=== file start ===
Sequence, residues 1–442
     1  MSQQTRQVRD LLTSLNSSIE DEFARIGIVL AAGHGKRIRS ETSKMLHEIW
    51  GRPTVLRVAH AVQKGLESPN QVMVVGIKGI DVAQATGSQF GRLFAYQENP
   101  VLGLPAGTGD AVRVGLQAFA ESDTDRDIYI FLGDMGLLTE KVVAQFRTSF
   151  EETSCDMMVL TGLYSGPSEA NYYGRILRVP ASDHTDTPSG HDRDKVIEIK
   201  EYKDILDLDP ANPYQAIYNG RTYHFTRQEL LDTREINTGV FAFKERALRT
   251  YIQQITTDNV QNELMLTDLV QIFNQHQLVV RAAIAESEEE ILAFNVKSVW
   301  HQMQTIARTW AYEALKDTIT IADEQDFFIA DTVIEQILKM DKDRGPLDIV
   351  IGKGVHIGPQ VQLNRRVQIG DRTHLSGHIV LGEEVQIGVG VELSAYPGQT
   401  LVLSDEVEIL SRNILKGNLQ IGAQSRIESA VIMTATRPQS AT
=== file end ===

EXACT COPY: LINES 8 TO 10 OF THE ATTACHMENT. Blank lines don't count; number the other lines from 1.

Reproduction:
   301  HQMQTIARTW AYEALKDTIT IADEQDFFIA DTVIEQILKM DKDRGPLDIV
   351  IGKGVHIGPQ VQLNRRVQIG DRTHLSGHIV LGEEVQIGVG VELSAYPGQT
   401  LVLSDEVEIL SRNILKGNLQ IGAQSRIESA VIMTATRPQS AT